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Breed Name: English Mastiff
Classified Dog Group: Working Dog
Area Of Origin: England, British Islands
Expected Lifespan: 8 to 10 years

General Description: Size is a quality very desirable in this breed. The height should be obtained rather from great depth of body than length of leg. A leggy Mastiff is very undesirable. 
Temperament: The temper of a Mastiff should be taken into consideration by the breeder. They usually have a combination of grandeur and good nature, courage and docility. In these dogs, as in all others, it is a question of how they are treated by the person having charge of them. Any savage dog with such power as the Mastiff possesses is indeed a dangerous creature, and, therefore, some inquiries as to the temper of a dog should be made before deciding to use him. Many Mastiff puppies are very shy and nervous, but they will grow out of this if kindly handled, and eventually become the best guard and protector it is possible to have.
Grooming Requirements: Coat short and easy to maintain. This dog tends to drool.
Exercise Requirements: Puppies should be taken out for steady, gentle exercise, and not permitted to get too fat or they become too heavy, with detrimental results to their legs. Mastiff requires good exercise and much attention to keep him in good condition, without that this breed is apt to become indolent and heavy.
Common Problems: One of the great difficulties that breeders of Mastiffs and all other large dogs have to contend against is in rearing the puppies; so many bitches being clumsy and apt to kill the whelps by lying on them.
Note: Puppies should be allowed all the liberty possible, and never be tied up.
General Breed Standard: Large, massive, powerful, symmetrical and well-knit frame. Massive, broad, deep, long, and powerfully built body with legs wide apart and squarely set. Muscles sharply defined. Size is a great desideratum, if combined with quality. Height and substance important if both points are proportionately combined. Thirty inches may be taken as a fair average height for dogs, and bitches somewhat less. The weight of a full-grown dog should be anything over 160 lb. Many have turned over the scale at 180 lb.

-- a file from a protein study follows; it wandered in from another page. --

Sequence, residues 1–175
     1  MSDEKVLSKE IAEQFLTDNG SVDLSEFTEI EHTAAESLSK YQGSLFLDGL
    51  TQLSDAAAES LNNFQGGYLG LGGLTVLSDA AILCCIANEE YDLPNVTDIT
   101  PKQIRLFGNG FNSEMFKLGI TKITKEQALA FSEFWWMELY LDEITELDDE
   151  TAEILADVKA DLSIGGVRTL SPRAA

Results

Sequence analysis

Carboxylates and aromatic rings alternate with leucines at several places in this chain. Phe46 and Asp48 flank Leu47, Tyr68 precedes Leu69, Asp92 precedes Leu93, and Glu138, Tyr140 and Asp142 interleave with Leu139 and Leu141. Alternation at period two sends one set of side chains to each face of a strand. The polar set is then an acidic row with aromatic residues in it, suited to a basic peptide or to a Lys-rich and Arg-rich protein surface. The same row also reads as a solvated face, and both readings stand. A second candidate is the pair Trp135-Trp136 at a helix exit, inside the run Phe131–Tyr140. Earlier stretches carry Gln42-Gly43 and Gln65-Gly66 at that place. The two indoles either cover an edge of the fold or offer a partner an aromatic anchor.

Head: In general outline, head is giving a square appearance when viewed from any point. Breadth greatly to be desired, and should be in ratio to length of the whole head and face as 2 to 3.
Skull: Broad between the ears, forehead flat, but wrinkled when attention is excited. Brows (superciliary ridges) slightly raised. Muscles of the temples and cheeks (temporal and masseter) well developed. Arch across the skull of a rounded, flattened curve, with a depression up the centre of the forehead from the medium line between the eyes, to half way up the sagittal suture. 
Face or Muzzle: Short, broad under the eyes, and keeping nearly parallel in width to the end of the nose; truncated (i.e. blunt and cut off square), thus forming a right angle with the upper line of the face, of great depth from the point of the nose to under jaw. Under jaw broad to the end; canine teeth healthy, powerful, and wide apart; incisors level, or the lower projecting beyond the upper, but never sufficiently so as to become visible when the mouth is closed. Nose broad, with widely spreading nostrils when viewed from the front; flat (not pointed or turned up)in profile. Lips diverging at obtuse angles with the septum, and slightly pendulous so as to show a square profile. Length of muzzle to whole head and face as 1 to 3. Circumference of muzzle (measured midway between the eyes and nose) to that of the head (measured before the ears) as 3 to 5.